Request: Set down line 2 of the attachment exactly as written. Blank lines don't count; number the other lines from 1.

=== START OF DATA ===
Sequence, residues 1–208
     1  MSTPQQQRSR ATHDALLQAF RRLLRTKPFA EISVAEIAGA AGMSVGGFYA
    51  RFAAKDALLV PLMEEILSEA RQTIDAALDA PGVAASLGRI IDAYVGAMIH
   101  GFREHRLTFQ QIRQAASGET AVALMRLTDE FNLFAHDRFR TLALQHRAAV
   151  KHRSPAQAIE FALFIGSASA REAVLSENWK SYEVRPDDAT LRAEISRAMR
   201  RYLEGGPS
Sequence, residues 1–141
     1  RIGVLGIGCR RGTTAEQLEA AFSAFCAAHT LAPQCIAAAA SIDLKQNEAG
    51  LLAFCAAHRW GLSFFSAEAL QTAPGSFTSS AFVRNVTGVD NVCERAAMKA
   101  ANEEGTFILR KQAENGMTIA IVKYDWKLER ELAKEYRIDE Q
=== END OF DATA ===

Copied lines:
     1  MSTPQQQRSR ATHDALLQAF RRLLRTKPFA EISVAEIAGA AGMSVGGFYA